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The Mises Review

Edited and written by David Gordon, senior fellow of the Mises Institute and author of four books and thousands of essays.


Social Security and Its Discontents

Jeff Madrick

1 1997
Volume 3, Number 1


The Ultimate Bailout

Spring 1997

"SOCIAL SECURITY AND ITS DISCONTENTS"
The New York Review of Books
December 16, 1996, pp. 68-72.

Jeff Madrick, an economic journalist of statist bent, shows us the mind of a true leftist at work. He begins by pooh-poohing the alarmists who predict a crisis for Social Security. True enough, by the year 2020, the system will owe "$200 to $300 billion a year" in benefits more than it raises in taxes (p. 68) In part, the difficulty arises because the federal government has spent funds from the misnamed "trust fund."

Why is this not a crisis? According to Madrick, a "modest increase" in Social Security taxes now could prevent the impending shortfall in funds. But, he admits, "Washington would likely squander" the increase in the trust fund that higher taxes would bring (p. 69). He suggest instead that the government invest part of the trust fund in common stocks instead of Treasury bonds. Madrick's "logic" arouses interest: since the government has squandered the trust fund, we might as well give it a stranglehold on the stock market as well. One suspects that what Madrick calls "moderate plans" are modest proposals in the sense of Jonathan Swift.

Having shown to his own satisfaction that the "crisis" can be solved, Madrick himself admits that a further aspect of the problem stumps him. If the deficit in Medicare is taken together with that of Social Security, things do not look bright. "Social Security and Medicare could absorb more than 12 percent of the nation's GDP in 2020 and more than 15 percent in 2040...taxes would have to rise to 25 percent to 30 percent of wages to fund both programs unless changes are made" (p. 69).

Here then is how to defuse a crisis. Propose a solution; when you admit that it faces a fatal difficulty, toss up another; continue the remedy as necessary. Our author unfortunately forgets that you must not end up with one more problem than solutions.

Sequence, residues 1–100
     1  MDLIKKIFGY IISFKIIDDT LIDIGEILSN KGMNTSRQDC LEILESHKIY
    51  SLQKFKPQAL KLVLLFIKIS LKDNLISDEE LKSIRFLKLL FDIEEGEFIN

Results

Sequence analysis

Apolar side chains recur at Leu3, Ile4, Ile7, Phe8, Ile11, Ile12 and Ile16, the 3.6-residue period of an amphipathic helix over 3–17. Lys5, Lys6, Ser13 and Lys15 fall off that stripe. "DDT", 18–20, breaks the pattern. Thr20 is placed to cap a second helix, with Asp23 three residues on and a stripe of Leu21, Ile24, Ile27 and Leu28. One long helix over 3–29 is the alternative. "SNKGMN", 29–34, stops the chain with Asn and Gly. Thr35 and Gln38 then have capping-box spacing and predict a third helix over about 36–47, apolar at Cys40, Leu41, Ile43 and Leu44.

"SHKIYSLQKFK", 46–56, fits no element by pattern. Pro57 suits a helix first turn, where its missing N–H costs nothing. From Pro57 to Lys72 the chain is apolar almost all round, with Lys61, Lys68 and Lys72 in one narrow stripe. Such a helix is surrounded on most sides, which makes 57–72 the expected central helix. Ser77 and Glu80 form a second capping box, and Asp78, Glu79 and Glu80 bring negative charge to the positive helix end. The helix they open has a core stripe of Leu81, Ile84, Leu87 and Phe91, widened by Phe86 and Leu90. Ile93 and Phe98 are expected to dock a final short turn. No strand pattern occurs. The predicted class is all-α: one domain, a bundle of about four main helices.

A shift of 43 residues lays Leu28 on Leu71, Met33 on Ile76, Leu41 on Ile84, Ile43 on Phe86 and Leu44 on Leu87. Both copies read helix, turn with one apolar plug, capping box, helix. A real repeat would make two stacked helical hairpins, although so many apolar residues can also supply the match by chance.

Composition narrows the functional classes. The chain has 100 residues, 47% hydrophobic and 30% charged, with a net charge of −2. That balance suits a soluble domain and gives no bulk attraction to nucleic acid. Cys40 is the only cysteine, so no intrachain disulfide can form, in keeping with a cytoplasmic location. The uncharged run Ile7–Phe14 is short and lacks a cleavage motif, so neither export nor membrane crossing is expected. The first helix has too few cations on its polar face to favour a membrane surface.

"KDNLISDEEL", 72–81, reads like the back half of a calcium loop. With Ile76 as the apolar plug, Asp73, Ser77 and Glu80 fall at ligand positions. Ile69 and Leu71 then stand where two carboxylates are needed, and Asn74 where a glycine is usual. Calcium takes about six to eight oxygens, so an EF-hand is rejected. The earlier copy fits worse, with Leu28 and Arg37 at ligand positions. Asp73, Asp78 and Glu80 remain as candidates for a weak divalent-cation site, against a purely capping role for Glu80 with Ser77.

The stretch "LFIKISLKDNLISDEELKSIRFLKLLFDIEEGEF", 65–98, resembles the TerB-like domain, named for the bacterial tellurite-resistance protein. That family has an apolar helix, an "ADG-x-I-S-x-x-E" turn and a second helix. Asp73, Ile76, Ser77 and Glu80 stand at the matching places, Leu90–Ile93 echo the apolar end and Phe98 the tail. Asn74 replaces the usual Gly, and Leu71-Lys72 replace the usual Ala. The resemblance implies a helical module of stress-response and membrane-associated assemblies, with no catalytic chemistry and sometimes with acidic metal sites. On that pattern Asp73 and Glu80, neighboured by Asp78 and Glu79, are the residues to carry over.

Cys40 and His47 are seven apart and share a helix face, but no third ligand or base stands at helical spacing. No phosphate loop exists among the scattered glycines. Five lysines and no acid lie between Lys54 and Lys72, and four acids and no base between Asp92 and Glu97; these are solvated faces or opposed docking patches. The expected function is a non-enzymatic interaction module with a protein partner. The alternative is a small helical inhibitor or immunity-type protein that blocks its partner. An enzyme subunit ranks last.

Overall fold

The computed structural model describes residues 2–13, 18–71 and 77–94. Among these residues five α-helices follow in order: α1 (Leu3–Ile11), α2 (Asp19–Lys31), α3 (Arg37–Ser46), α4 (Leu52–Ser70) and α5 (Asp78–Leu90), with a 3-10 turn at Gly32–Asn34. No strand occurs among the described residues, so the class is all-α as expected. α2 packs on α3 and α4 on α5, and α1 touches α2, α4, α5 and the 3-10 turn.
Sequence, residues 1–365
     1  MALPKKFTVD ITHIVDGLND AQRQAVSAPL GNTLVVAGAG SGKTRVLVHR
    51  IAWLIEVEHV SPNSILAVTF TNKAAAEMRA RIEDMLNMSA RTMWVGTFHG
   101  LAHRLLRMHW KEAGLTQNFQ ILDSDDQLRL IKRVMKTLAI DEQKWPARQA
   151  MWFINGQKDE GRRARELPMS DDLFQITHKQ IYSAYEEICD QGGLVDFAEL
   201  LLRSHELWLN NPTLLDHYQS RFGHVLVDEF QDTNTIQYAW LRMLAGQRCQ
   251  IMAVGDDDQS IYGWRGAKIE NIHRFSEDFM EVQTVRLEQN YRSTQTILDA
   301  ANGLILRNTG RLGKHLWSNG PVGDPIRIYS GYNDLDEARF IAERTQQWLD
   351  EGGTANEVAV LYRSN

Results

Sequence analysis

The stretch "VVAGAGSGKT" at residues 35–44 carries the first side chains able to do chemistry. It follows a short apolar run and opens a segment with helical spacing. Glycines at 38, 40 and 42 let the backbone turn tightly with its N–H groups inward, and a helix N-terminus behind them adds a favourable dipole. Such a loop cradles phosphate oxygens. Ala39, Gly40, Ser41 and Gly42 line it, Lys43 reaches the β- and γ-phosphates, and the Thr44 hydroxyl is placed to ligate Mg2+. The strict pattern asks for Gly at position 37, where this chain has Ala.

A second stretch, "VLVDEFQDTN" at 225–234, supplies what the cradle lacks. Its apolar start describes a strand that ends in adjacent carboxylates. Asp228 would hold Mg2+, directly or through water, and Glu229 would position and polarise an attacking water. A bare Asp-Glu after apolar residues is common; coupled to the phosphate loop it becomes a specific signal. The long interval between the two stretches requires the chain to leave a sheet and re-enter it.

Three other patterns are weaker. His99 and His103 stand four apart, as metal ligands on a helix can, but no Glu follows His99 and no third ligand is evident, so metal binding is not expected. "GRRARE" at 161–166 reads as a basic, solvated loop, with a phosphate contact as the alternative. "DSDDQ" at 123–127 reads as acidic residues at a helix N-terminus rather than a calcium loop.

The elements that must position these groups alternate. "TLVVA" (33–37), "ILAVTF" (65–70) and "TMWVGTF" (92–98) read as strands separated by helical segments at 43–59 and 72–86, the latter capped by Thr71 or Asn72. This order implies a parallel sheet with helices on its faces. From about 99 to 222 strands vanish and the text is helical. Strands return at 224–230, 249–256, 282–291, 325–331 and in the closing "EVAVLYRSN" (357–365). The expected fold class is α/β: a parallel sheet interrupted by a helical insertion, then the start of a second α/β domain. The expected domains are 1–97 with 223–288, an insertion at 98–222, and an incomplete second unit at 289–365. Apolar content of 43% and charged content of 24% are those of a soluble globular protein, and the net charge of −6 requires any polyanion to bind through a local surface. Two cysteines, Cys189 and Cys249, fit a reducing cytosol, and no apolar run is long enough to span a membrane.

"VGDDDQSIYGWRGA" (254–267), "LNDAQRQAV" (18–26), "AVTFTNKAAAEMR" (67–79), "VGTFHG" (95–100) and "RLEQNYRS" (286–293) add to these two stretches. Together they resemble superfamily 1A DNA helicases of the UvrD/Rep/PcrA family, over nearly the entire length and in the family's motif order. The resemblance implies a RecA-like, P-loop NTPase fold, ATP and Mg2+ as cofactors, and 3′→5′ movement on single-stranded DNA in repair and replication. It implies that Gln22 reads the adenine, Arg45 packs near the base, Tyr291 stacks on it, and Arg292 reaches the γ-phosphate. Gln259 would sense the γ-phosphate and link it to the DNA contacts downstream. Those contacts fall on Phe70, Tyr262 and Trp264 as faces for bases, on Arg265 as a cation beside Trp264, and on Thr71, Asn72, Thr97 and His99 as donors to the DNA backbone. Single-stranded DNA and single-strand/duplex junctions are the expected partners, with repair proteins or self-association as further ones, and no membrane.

And why go through the trouble? Isn't Social Security a poor "investment" for those not now of retirement age? Madrick admits that those "who retire today or in the future will receive an average return [on their contributions] of perhaps only a couple of percentage points. Higher-paid workers may well get back less than they contribute" (p. 70). Why raise taxes and turn the economy over to the government for such meager results?

But this misses the point, Madrick informs us. The Social Security program "was never originally designed to give workers the highest possible return on their invested payments" (p. 70). Quite the contrary, it aims at redistribution of income.

Why then include nearly everyone in the program? Need one ask? It is to gain political support for it. If the redistributive aims were openly avowed, the American people might be unwilling to tender the degree of support our Washington masters think required. "The unspoken appeal of privatization [of Social Security and Medicare] may well be that it allows the middle class to reduce its commitment to help those who are less fortunate" (p. 72).

Look at the "hardship" inflicted on hundreds of thousands of children, Madrick laments, by cuts in daycare programs. Who can doubt that the American public is too "callous" to be left to its own devices? "If day care or early educational programs were available to 90 percent of all American children...they would be far less likely to lose political support" (p. 72).

Plainly put, Madrick thinks that people are too stupid to notice that they are supporting more redistribution than they wish, if they are tossed a few crumbs. And why worry about cost? As Mr. Micawber said, "something will turn up."

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